The best description of Kenyon's politics is Lib–Lab. There had always been close ties between the Liberal Party and organised labour and much overlap between them in terms of beliefs, political thought and personnel. In the late 19th and early 20th century many candidates were described as Lib–Labs but it was hard for working men to get adopted as Liberal candidates by Liberal Associations dominated by middle-class and professional men and this was a principal reason for the founding in 1900 of the Labour Representation Committee, the organisation which later became the Labour Party.
In 1913, Kenyon was selected by the Derbyshire Miners to succeed James Haslam, the Labour MP for Chesterfield since 1906, who had died on 31 July 1913. Once selected however, Kenyon agreed to be adopted also by the local Liberal Association and the question of his party description and affiliation became a divisive issue in the Chesterfield constituency, the Derbyshire Miners' Federation and nationally.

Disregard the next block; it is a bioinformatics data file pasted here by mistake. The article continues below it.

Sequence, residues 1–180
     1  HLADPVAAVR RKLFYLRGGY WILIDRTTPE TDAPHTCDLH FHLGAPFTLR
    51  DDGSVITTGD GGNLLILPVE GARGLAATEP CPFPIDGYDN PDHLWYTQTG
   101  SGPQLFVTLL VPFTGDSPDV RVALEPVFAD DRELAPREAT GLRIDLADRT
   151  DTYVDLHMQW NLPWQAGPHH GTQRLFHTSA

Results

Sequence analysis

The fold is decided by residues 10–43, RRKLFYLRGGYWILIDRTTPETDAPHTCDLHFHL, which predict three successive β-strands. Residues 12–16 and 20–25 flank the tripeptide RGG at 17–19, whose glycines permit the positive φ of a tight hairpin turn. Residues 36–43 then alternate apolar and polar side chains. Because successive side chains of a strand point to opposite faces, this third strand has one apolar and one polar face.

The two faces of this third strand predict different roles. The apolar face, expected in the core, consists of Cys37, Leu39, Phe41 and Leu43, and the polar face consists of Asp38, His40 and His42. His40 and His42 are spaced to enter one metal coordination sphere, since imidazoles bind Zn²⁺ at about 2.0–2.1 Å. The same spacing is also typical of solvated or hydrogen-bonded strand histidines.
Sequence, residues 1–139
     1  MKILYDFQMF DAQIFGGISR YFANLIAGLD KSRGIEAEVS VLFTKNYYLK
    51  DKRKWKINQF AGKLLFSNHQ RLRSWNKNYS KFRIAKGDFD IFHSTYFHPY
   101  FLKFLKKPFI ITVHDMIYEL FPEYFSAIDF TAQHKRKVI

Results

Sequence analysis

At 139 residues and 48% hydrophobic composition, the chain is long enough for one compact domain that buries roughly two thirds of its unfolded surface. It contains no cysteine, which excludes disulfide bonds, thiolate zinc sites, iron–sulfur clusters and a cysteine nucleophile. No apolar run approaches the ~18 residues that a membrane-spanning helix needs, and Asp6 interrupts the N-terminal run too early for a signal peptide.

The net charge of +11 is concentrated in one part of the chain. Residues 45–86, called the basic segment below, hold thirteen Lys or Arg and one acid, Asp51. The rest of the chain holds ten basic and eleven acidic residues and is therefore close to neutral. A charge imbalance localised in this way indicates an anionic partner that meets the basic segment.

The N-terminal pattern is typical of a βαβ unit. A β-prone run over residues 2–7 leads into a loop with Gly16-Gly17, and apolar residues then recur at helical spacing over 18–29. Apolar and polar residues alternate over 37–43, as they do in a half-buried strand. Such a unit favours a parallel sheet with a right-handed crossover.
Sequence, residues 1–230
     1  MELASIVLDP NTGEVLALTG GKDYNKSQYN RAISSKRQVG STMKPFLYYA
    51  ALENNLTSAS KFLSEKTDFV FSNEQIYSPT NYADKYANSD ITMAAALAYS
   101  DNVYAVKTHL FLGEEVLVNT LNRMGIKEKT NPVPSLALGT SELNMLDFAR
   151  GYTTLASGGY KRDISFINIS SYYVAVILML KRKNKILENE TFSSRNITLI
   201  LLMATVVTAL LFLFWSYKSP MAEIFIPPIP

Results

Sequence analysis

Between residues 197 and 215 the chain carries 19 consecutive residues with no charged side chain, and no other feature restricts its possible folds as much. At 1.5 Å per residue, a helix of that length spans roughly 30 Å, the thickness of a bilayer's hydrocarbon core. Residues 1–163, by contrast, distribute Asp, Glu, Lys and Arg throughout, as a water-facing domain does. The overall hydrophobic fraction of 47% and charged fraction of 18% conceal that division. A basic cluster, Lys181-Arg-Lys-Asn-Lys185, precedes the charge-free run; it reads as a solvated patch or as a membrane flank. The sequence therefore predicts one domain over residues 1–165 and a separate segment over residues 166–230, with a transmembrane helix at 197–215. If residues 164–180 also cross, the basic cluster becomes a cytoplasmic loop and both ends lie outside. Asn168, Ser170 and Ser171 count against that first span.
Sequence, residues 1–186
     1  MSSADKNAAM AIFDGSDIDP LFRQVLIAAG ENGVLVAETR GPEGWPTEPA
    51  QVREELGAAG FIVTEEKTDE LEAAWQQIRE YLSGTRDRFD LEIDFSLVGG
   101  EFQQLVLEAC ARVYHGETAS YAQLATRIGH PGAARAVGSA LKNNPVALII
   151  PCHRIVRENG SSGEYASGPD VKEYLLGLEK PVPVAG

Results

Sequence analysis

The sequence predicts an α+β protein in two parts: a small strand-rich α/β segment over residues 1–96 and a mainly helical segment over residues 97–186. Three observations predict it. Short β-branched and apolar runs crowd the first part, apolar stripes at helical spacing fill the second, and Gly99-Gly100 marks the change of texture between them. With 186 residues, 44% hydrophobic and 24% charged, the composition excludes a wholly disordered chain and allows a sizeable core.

Read more about this topic: Barnet Kenyon
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Famous quotes containing the word politics:
“The will to change begins in the body not in the mind
My politics is in my body, accruing and expanding with every act of resistance and each of my failures.”
—Adrienne Rich (b. 1929)
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“The average Kentuckian may appear a bit confused in his knowledge of history, but he is firmly certain about current politics. Kentucky cannot claim first place in political importance, but it tops the list in its keen enjoyment of politics for its own sake. It takes the average Kentuckian only a matter of moments to dispose of the weather and personal helath, but he never tires of a political discussion.”
—For the State of Kentucky, U.S. public relief program (1935-1943)